Mdina and Rabat
Mdina, a fortified medieval town enclosed in bastions. The impressive palaces which line its narrow, shady streets city are a mixture of Baroque and medieval architecture. It was home then, as now, to Malta’s noble families; some are descendants of the Norman, Sicilian and Spanish overlords who made Mdina their home from the 12th century.
The city was founded by Phoenician settlers in the 8th century. It was here that in 60 A.D. that the Apostle St. Paul is said to have lived after being shipwrecked on the Islands. The city’s strategic location, on top of a hill in the centre of the island, which gave it some protection from raiding pirates led to it becoming Malta’s ancient capital. This all changed in 1530 with the arrival of the seafaring Order of St John who relocated the city to the coastal town of Birgu. The city became a ghost town and caused it to be given the name the ‘silent city’. This name is also supported now as there is almost a ban on driving cars through the city (except residents).
Today Mdina is a major tourist attraction recognised internationally as an important UNESCO World Heritage Site (currently on its tentative list).
What to do in Mdina?
The main attraction of Mdina is to walk along its narrow, cobbled streets, which transport you back in time. You may follow this up with popping into one of the many museums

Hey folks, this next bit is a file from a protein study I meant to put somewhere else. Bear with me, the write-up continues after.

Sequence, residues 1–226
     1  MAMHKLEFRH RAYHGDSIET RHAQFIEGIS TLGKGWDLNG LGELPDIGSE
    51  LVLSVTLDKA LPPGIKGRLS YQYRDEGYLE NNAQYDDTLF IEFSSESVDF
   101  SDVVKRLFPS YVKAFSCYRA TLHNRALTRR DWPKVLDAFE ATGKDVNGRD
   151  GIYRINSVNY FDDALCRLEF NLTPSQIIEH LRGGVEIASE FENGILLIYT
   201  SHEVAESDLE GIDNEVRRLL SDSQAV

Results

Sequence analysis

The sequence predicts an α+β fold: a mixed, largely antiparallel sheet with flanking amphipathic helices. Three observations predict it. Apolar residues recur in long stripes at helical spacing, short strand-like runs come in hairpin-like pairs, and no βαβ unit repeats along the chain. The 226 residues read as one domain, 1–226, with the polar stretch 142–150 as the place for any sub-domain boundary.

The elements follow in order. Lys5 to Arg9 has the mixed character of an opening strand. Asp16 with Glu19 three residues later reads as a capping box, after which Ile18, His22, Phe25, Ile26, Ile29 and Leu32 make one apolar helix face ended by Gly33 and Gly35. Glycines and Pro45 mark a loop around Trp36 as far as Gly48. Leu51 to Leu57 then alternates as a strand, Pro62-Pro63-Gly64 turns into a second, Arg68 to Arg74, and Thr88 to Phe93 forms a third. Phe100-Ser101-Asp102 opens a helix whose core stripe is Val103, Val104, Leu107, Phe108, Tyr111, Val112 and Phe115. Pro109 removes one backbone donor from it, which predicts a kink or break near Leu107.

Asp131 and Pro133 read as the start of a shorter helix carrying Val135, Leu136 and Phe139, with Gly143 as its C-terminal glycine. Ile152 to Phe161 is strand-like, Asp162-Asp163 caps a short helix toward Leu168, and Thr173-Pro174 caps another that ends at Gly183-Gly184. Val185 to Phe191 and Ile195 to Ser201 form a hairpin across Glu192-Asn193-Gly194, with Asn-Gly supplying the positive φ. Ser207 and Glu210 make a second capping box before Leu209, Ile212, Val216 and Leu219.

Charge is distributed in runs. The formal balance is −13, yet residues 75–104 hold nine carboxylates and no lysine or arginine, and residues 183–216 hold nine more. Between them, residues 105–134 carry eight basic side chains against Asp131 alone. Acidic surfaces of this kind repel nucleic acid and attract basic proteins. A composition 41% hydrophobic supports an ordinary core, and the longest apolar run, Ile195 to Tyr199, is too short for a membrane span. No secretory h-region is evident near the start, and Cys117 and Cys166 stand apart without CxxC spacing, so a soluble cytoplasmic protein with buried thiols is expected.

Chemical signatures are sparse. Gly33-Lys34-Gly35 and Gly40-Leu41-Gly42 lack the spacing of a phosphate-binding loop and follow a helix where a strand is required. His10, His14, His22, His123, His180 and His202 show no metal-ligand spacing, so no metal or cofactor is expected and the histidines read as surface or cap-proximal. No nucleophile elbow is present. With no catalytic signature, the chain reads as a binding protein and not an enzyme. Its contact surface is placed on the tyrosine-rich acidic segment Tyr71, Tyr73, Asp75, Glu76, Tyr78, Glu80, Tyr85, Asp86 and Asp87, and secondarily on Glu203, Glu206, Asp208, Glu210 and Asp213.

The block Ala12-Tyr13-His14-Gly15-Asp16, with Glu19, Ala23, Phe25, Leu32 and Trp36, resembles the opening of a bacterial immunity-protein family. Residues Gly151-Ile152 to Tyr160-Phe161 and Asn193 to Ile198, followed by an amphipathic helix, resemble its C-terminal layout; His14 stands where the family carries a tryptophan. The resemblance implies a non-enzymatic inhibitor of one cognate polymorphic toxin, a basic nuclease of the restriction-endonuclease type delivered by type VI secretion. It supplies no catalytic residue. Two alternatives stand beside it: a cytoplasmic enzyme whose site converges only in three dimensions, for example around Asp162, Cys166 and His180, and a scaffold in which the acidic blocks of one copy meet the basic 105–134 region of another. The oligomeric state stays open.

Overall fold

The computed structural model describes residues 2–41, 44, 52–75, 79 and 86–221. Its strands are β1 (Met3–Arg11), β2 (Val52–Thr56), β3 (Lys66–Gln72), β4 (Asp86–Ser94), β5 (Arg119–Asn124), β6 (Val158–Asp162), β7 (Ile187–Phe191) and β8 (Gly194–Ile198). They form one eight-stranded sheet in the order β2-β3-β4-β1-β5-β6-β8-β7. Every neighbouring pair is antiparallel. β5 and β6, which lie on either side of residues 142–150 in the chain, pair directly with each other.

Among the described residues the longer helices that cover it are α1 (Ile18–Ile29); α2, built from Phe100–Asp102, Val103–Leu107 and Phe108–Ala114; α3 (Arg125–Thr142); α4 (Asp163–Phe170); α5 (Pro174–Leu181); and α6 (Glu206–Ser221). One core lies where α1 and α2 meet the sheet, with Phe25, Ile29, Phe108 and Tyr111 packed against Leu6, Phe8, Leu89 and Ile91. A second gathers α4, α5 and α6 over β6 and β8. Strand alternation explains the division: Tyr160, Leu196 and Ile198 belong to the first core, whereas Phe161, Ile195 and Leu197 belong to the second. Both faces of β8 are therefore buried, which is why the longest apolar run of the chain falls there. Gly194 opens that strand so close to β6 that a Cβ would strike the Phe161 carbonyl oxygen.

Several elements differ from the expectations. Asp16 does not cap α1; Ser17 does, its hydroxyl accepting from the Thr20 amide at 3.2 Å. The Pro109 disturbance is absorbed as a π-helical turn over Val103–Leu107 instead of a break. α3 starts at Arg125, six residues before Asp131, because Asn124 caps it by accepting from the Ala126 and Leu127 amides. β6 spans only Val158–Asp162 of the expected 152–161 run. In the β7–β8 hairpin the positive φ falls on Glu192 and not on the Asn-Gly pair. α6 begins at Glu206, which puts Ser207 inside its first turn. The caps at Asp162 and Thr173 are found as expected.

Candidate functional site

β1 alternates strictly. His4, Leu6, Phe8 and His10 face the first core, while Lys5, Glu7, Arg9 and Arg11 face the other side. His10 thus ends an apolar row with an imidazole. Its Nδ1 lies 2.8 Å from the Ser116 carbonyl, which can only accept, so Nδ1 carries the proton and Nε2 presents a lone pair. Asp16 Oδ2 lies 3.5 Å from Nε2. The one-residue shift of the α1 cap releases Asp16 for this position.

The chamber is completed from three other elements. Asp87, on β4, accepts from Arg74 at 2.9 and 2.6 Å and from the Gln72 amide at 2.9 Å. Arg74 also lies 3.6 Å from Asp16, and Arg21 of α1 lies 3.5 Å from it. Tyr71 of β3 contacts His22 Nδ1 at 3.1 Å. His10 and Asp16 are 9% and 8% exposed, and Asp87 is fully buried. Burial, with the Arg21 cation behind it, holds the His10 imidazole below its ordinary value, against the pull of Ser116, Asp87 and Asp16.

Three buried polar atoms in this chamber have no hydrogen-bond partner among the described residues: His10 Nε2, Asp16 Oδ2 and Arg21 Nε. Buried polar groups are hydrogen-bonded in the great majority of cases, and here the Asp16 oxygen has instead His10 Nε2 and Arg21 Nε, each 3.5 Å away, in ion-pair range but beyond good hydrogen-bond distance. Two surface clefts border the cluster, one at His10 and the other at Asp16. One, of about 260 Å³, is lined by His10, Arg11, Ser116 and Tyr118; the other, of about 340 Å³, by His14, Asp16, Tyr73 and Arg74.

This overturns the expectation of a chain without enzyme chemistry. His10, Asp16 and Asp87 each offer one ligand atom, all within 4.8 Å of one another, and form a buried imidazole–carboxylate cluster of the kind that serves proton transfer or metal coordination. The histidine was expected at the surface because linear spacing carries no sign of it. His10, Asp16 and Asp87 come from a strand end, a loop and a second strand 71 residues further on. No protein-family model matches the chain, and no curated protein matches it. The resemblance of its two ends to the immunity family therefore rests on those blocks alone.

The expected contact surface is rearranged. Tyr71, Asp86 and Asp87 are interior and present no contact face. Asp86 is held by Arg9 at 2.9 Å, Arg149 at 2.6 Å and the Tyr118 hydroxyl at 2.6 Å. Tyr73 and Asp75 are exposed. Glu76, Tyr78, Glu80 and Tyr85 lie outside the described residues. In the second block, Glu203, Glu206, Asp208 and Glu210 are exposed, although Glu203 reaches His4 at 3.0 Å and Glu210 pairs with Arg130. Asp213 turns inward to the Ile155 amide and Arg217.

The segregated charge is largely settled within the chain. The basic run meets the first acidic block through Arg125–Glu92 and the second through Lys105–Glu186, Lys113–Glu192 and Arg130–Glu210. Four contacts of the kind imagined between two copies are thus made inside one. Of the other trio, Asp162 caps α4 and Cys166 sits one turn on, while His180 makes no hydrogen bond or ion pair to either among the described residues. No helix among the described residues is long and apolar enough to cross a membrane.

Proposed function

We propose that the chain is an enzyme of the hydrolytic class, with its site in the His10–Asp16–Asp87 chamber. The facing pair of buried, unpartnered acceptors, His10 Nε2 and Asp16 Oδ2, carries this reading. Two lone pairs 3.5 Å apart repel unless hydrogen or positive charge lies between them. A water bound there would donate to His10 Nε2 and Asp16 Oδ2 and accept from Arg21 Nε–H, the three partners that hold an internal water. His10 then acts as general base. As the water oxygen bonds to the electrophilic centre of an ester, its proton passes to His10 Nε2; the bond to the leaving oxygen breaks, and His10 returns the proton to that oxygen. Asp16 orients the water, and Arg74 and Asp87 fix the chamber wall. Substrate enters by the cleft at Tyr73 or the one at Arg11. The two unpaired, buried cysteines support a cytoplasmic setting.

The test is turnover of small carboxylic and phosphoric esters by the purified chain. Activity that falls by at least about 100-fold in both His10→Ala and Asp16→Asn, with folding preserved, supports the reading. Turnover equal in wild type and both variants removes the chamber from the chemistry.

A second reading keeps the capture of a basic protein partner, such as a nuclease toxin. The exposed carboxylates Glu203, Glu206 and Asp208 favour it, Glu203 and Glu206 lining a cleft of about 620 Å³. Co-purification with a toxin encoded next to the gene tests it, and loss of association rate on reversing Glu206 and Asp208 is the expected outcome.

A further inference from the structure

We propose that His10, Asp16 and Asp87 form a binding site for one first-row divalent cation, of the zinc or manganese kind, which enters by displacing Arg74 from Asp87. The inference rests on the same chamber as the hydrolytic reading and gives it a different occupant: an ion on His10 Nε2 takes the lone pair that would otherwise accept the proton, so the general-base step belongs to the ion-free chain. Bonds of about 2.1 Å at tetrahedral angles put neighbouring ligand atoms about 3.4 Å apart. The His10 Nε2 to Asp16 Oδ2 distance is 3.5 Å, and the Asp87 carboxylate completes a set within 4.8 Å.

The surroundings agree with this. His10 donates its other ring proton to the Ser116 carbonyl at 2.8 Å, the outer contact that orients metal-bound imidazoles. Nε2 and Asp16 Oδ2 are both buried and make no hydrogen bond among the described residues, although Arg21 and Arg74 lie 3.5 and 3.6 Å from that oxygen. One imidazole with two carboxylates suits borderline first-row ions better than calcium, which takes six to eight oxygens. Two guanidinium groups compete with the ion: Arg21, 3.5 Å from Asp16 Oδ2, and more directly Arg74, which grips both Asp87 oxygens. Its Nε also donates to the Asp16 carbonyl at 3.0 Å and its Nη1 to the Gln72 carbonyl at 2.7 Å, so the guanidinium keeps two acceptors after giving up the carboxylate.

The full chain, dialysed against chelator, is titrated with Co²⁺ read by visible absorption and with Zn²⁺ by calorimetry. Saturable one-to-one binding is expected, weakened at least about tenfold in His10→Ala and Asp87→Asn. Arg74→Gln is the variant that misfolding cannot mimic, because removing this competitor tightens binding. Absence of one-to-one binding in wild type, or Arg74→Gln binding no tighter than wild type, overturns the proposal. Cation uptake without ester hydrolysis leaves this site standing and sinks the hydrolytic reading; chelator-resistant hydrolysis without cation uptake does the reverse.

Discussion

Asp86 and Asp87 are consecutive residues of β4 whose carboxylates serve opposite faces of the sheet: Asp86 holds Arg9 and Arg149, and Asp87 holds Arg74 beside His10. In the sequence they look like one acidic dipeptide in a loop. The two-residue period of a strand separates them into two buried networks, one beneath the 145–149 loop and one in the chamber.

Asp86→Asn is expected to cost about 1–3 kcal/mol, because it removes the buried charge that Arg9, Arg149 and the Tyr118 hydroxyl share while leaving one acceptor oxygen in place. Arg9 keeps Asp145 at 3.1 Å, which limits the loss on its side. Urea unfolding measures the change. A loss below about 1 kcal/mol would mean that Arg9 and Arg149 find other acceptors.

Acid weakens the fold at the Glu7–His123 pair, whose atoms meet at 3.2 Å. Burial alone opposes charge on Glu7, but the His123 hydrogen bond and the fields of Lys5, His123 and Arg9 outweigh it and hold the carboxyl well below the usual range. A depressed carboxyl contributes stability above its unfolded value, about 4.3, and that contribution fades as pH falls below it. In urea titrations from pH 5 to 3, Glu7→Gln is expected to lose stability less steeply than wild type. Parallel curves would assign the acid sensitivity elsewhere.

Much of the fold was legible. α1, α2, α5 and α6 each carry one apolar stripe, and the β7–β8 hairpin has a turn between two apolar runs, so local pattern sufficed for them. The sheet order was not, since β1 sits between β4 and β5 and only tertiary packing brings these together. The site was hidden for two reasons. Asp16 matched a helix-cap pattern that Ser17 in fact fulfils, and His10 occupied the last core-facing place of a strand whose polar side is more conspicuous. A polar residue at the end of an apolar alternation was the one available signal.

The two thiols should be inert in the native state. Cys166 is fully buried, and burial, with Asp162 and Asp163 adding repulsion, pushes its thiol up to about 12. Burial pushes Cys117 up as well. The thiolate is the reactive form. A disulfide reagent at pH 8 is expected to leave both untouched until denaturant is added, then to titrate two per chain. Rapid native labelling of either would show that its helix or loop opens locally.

St Paul’s Cathedral : As you arrive into the main square in the centre of the city of Mdina, you cannot miss the Cathedral found there. Visit Website.
Knights of Malta Experience: Audiovisual 3d displays, gruesome mannequins and big screens bring alive the story of the Knights of Malta and the Great Siege of 1565. Visit Website.
Games of Thrones: For any “Game of Thrones” fans, the first season was filmed within these walls. It was used for King’s Landing, site of the Iron Throne and Red Keep.
The Mdina Experience: A one-hour long film made by the tourism board which details Mdina’s diverse history. Visit Website.
What to do in Rabat
Rabat, is the village that neighbours Mdina, the name of literally means a ‘suburb’ in Semitic, as it was once the suburb of Mdina.
The Catacombs: Rabat hosts the well-known Catacombs of St. Paul and St. Agatha.
Domvs Romana (Roman Villa): The Domvs Romana hosts the remains of a valuable Roman townhouse.
St. Paul’s Grotto: The ditch surrounding the city was full of caves that were utilised as graves by the residents. Tradition holds that the Apostle St. Paul used one of these caves as a base for his apostolic work. This grotto could thus be considered as the foundation site of the Catholic Church in Malta.
Casa Bernard: A 16th century noble palazzino restored to its pristine splendour. Visit Website.
Wignacourt Museum: This Museum was formerly the baroque residence of the Chaplains of the Knights of St. John. The museum hosts an exhibition of Punic-Roman artefacts including ceramics, pottery, portraits, sculptures and so much more. Visit Website.
Chadwick Lakes: Chadwick Lakes are are a number of dams, pouring into each other, filled by water gathering from nearby fields. They dams were built by the British Government in 1886 by Sir Oswald Chadwick and so it became known as Chadwick Lakes.